When a teacher/friend/colleague/student provides a piece of musical advice, they are really proposing a theory about how some aspect of music works. If they tell you to hold your hand a certain way, they are essentially claiming that holding your hand that way will help to more efficiently produce a desired musical outcome. However, you do not ever have to simply take their word for it. You can run your own experiments. Experiment with the new hand position in your daily practice for a period of time. If it does in fact increase efficiency, keep it. If it fails to do this and some other approach seems to work better, go with the other approach. It does not matter who said it. All that matters is if it is actually working.

This applies to questions of interpretation as well. When someone instructs you to not clip the end of a phrase, what they are really saying is “I am noticing a short and accented note at the end of this phrase that I don’t think that you want.” You do not have to blindly trust them. You can record yourself, see if the clipped note is audible, and then decide for yourself whether or not you really want to be doing that. In many cases you are probably getting good advice, but in some instances you might not be.

When preparing for an audition, a teacher might say “this section needs to be a lot slower.” What they are saying is that they believe the audition committee will expect to hear this section slower than you are playing it. Again, you are not required to simply believe them. Record yourself and measure the tempo. Go listen to a random sample of recordings (particularly of people who have recently won their positions) and compare those tempi to your own.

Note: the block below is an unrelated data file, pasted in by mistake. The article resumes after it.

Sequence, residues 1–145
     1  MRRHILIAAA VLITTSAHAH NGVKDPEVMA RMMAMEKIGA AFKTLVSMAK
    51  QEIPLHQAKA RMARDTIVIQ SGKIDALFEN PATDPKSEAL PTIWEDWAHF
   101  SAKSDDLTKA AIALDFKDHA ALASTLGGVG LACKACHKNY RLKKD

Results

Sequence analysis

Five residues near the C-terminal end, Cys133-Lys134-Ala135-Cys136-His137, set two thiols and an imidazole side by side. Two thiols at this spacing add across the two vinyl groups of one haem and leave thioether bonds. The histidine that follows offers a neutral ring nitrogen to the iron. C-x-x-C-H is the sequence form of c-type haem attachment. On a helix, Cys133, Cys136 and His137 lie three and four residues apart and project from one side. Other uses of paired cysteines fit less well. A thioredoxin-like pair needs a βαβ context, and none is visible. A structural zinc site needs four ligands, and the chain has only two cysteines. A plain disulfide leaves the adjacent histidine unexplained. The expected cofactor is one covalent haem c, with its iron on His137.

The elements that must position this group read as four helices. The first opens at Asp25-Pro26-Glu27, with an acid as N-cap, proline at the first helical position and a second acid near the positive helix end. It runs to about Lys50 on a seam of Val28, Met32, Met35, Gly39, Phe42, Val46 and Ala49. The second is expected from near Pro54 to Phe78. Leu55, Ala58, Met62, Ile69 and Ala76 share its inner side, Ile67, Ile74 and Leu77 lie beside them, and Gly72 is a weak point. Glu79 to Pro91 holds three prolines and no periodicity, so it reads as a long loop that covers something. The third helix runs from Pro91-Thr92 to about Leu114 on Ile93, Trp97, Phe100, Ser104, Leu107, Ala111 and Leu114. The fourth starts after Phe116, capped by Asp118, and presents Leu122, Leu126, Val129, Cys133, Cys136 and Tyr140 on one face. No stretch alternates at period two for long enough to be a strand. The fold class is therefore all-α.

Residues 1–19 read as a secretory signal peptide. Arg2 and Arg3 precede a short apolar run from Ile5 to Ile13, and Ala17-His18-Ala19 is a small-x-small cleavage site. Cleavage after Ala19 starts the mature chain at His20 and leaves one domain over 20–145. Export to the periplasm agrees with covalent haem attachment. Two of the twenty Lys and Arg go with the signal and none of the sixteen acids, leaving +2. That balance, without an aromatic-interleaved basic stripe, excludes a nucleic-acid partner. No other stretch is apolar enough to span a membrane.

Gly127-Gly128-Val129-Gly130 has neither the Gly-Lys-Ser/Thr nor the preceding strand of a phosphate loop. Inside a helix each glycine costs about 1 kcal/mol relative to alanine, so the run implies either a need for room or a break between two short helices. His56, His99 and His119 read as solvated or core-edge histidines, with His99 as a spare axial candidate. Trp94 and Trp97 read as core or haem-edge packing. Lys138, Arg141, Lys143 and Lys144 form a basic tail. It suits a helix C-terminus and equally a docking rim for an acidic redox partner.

In the end it does not matter where good or bad advice originates. I have stolen many fantastic ideas from some of my most inexperienced students while having to ignore some terrible advice from certain famous teachers/players. I experiment with every new piece of advice I receive, but always reserve the right to reject anything that does not produce the results I want/need/expect. I even encourage my students to be skeptical of the things I tell them in their lessons.

This all came as a painful realization to me many years ago when I learned that my teachers were often telling me to do things at my lessons that they did not ever do themselves in their own practicing/performing. In many instances they were teaching as they were taught, not teaching what they themselves did. This explains why they sounded so great doing what they did while I struggled so much attempting to do what they advised.

I have too often witnessed students completely ruining themselves by taking bad advice (or misinterpreting good advice) from a well-respected teacher too seriously. I have also watched many students refuse to listen to good advice because it didn’t come from a source they respected. The beauty of the scientific method is that the source of the theory does not really matter. All that matters is whether or not the theory fits the evidence.

Being able to separate good advice from bad advice requires constant skepticism and experimentation. In addition, skepticism and experimentation help us to refine and clarify our understanding of how music-making works. Ultimately, it enables us to become our own best teachers. Don’t ever take anyone’s word for it—demand proof that whatever advice you are currently receiving is good advice!